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Monday, April 15, 2024

A $3 Billion Silk Road Seizure Will Erase Ross Ulbricht's Debt

Ross Ulbricht, the convicted creator of the legendary Silk Road dark web market for drugs, has never gotten much mercy from the US legal system. In 2015, he was sentenced to life in prison without parole. His appeal was denied, as was the pardon he sought from President Trump. But a little over a year ago, it appears Ulbricht finally got a break of a different kind: The nine-figure debt he owed to the US government as part of his sentence will be erased—all thanks to the fortuitous hoarding of a hacker who'd stolen a massive trove of bitcoins from his market.

Last year, prosecutors quietly signed an agreement with Ulbricht stipulating that a portion of a newfound trove of Silk Road bitcoins, seized from an unnamed hacker, will be used to cancel out the more than $183 million in restitution Ulbricht was ordered to pay as part of his 2015 sentence, a number calculated from the total illegal sales of the Silk Road based on exchange rates at the time of each transaction. Despite the fact that the more recently unearthed stash of bitcoins—now worth billions of dollars—was itself criminal proceeds, the Justice Department appears to have made a deal with Ulbricht to avoid any claim he might have made to the money: In exchange for Ulbricht's agreement to waive any ownership he might have of the bitcoins, a portion of them will be used to pay off his restitution in its entirety.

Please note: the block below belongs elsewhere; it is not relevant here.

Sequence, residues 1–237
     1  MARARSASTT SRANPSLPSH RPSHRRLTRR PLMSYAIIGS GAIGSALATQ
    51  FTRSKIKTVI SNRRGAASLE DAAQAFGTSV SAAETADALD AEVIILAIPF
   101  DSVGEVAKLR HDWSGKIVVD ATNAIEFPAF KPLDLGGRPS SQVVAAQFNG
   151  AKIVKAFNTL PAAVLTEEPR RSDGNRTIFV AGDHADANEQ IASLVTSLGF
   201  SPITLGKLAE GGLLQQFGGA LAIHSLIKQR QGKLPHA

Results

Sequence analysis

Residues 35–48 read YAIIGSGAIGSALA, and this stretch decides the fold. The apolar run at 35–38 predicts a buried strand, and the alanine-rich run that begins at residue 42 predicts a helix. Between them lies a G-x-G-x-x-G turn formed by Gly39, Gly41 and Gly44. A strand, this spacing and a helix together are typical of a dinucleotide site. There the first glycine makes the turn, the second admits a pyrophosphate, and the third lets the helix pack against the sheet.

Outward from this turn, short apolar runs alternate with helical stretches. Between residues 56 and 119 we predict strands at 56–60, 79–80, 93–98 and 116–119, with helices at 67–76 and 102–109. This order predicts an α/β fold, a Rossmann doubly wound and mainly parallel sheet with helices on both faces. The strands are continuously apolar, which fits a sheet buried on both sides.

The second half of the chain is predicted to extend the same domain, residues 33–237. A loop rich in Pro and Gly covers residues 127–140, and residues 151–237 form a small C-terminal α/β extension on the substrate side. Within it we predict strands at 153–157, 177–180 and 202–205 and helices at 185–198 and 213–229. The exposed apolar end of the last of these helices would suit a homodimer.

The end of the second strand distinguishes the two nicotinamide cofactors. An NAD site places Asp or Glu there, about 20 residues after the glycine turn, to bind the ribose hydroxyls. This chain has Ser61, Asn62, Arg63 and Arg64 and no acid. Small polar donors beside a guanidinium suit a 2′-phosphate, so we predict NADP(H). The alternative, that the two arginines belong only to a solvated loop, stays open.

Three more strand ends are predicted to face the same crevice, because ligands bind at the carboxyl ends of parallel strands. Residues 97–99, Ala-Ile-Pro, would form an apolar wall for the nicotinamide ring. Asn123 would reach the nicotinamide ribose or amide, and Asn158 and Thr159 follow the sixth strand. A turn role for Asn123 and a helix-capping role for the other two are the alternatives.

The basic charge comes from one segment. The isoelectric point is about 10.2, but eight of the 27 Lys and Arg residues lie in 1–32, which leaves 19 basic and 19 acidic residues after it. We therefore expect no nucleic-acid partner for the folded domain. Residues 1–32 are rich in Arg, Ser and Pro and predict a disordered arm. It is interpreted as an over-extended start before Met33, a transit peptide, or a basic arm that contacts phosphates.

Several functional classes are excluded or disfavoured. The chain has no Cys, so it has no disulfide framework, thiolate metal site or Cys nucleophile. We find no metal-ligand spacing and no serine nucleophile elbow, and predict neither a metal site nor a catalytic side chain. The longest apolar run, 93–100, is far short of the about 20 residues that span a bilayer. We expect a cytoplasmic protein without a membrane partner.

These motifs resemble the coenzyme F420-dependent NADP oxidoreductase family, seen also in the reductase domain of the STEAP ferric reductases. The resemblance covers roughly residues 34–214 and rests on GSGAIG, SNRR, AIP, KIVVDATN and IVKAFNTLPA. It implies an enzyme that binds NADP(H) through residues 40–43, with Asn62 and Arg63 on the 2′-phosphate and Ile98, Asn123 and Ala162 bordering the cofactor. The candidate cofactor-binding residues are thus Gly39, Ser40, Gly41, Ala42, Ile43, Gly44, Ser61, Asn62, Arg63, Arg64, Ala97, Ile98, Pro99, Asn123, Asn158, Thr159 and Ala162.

"The parties agree that the net proceeds realized from the sale of the [bitcoins] forfeited pursuant to this agreement shall be credited toward any unpaid balance of the Money Judgment," reads a court filing from last year, using the phrase "money judgment" to refer to Ulbricht's 2015 restitution order. The document, filed in February of 2021, is signed by both Ulbricht and David Countryman, a prosecutor in the asset forfeiture unit of the US Attorney's office for the Northern District of California. The Department of Justice didn't respond to WIRED's request for comment.